UH Cancer Center Enjoys Successful Maui Outreach

February 24, 2011, 11:31 AM HST
* Updated February 24, 2:51 PM
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Mr. Earl Stoner

By Robin G. Pilus

Approximately 80 concerned Maui citizens attended the University of Hawaii Cancer Center’s outreach event, “Unraveling the Secrets of Cancer.”  This special outreach was held February 22nd at UH-Maui Paina Leis Family Class Act Restaurant.

Earl Stoner, Maui citizen and member of the Board of the Friends of the UH Cancer Center was pleased that Maui was the first of the neighbor islands to be selected for the outreach effort.

“The consortium that is being formed by UH Cancer Center is broadening,” according to Stoner.  “We want Maui people to know about the great progress being made in Hawaii with the new facility, as well as in the areas of research, diagnosis and treatment.”

In October 2011, the Cancer Center broke ground on a $140 million, full scale facility that will allow it to leave scattered labs and offices behind.  The new facility will help attract high quality reseachers and physicians and will allow the University the opportunity to pursue the important NCI (National Cancer Center) designation.


Hawaii is in a unique position to be a leader in the area of cancer research, specifically because of the state’s uniquely diverse population.

Dr. Lawrence Kolonel


Dr. Lawrence Kolonel, Epidemiologist at the UH Cancer Center has been researching cancer in Hawaii since 1980.  At that time he and a colleague in Southern California launched a cancer study involving 215,000 individuals.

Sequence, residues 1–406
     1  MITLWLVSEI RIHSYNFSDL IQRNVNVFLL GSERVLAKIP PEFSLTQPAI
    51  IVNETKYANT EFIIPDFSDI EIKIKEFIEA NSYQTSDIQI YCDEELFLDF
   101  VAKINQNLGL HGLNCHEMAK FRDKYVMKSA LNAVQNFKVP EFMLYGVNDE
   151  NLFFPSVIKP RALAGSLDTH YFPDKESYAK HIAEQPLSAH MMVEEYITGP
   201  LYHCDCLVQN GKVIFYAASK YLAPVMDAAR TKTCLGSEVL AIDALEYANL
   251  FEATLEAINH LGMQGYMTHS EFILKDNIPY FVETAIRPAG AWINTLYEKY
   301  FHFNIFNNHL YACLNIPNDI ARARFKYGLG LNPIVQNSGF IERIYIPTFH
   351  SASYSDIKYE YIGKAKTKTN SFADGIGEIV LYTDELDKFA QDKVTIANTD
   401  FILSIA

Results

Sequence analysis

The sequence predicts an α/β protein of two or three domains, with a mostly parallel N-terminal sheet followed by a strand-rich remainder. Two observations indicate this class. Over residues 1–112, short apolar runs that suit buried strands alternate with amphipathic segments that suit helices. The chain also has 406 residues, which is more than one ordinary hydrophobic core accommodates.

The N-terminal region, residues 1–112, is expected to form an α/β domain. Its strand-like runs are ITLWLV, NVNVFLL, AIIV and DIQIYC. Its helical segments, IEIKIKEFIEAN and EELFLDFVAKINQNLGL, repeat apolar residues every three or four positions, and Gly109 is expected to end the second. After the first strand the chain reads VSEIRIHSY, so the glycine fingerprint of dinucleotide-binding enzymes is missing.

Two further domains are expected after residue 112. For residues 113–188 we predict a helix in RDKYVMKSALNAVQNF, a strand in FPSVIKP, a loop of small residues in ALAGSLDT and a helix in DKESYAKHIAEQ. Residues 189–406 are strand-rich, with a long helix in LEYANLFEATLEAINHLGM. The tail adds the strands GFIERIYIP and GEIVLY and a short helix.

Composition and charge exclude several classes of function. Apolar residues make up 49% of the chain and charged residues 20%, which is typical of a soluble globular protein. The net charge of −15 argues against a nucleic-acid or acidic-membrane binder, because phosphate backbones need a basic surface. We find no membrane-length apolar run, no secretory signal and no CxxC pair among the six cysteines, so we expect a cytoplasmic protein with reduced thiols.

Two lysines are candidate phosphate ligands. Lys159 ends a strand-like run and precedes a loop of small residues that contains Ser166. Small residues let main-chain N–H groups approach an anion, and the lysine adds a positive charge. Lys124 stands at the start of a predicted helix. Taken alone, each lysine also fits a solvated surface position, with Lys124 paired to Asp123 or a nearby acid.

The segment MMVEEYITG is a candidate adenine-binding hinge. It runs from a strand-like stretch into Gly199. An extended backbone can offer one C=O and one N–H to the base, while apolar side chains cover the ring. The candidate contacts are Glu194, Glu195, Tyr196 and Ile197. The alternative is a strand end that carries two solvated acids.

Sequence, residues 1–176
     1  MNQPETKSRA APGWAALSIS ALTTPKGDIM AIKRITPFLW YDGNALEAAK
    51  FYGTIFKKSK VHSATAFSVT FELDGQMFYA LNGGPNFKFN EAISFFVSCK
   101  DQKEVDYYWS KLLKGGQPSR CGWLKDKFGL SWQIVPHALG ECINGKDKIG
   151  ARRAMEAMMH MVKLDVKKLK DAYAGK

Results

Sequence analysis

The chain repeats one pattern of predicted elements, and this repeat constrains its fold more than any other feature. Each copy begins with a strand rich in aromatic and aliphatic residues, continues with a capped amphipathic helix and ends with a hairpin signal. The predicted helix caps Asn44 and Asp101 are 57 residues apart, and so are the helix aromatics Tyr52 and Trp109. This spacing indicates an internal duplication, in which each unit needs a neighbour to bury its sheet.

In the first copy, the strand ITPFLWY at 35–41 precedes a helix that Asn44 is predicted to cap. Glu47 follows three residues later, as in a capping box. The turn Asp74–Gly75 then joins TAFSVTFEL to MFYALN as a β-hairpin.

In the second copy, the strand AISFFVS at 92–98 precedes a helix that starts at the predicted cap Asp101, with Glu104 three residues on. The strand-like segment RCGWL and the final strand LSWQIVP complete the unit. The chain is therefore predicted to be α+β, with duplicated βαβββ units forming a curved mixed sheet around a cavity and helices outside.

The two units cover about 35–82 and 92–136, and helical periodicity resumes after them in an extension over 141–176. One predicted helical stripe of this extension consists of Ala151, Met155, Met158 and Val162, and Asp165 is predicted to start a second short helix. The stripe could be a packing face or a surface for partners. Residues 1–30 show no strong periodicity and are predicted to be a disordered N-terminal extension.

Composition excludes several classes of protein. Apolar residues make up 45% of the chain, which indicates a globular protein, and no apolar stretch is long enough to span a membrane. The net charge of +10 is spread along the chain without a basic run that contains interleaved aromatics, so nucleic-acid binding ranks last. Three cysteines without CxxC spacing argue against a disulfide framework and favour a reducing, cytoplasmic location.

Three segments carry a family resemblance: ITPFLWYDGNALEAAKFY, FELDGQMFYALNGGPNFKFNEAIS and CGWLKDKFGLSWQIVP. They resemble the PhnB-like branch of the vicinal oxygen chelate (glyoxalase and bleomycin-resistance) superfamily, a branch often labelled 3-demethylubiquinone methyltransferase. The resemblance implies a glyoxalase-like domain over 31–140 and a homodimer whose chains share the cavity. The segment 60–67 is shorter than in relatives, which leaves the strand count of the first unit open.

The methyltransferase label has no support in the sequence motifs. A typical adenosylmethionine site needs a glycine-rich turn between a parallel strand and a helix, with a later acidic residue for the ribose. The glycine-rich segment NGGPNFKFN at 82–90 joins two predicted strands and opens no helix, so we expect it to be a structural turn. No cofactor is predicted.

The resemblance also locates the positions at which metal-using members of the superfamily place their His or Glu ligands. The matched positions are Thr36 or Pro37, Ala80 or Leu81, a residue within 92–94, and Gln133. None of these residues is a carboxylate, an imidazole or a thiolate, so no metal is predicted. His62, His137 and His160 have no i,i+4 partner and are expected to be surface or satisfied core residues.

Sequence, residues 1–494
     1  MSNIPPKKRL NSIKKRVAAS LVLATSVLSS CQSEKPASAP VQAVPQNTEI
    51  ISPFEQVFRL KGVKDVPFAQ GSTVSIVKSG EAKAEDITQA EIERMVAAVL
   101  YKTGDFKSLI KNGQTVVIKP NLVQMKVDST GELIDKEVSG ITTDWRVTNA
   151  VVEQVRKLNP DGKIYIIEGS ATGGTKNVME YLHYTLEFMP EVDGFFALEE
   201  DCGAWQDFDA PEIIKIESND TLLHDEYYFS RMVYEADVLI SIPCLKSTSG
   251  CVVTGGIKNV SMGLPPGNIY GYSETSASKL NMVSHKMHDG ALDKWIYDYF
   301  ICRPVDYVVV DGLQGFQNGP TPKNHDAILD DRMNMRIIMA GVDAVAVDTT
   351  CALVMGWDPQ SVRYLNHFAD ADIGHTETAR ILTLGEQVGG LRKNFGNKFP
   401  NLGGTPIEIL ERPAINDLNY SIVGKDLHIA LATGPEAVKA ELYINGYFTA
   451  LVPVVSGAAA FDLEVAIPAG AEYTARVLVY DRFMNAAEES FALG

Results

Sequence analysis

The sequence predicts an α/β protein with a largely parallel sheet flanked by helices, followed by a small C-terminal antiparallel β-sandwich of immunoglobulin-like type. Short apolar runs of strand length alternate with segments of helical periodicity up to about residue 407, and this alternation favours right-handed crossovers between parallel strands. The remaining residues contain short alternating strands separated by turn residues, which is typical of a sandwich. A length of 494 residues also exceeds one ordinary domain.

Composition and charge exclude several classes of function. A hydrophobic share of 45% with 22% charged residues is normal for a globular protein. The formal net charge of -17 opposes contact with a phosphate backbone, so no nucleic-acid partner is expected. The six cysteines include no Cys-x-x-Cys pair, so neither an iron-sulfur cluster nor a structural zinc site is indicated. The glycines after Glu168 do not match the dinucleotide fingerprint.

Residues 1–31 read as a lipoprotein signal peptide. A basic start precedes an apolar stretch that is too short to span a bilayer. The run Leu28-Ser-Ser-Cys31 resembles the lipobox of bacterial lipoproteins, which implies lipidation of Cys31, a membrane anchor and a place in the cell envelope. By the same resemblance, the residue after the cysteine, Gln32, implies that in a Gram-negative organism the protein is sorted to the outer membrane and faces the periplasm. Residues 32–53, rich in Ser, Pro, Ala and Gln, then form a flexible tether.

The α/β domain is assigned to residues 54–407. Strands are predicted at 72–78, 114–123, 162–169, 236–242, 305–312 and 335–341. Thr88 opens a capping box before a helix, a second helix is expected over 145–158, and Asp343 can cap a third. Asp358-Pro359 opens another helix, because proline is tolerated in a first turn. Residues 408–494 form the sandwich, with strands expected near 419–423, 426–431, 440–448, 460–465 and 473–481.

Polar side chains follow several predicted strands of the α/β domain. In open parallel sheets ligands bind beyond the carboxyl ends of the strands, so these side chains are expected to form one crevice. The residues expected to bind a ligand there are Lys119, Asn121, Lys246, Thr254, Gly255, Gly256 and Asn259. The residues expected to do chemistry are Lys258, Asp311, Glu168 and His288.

Dr. Kolonel was a featured speaker at the Maui outreach event.

“Most people think of genetics when they think of cancer,” Kolonel explained.  “However only 5% of all cancers are attributed to mutations of genes.  The rest of cancers are from external factors, and the majority of those are attributed to lifestyles.”


Kolonel indicated that targeted cancer therapies are the emerging treatment.  These therapies involve drugs that are more specific to particular cancer cells.  The drugs involved are less toxic and do not kill healthy cells.

“Cancers do not occur equally in all groups,” Kolonel said.  “Differences exist in groups and how they respond to exposure and susceptibility.  The future is in personalized therapy and the research helps to develop those therapies.”

The importance of prevention and early detection was emphasized throughout the morning’s event.

According to Kolonel, “The one thing I would  most like to emphasize is prevention,” he said.  “But any cancer caught sufficiently early enough can be cured.”

Additional information is available at University of Hawaii Cancer Center.

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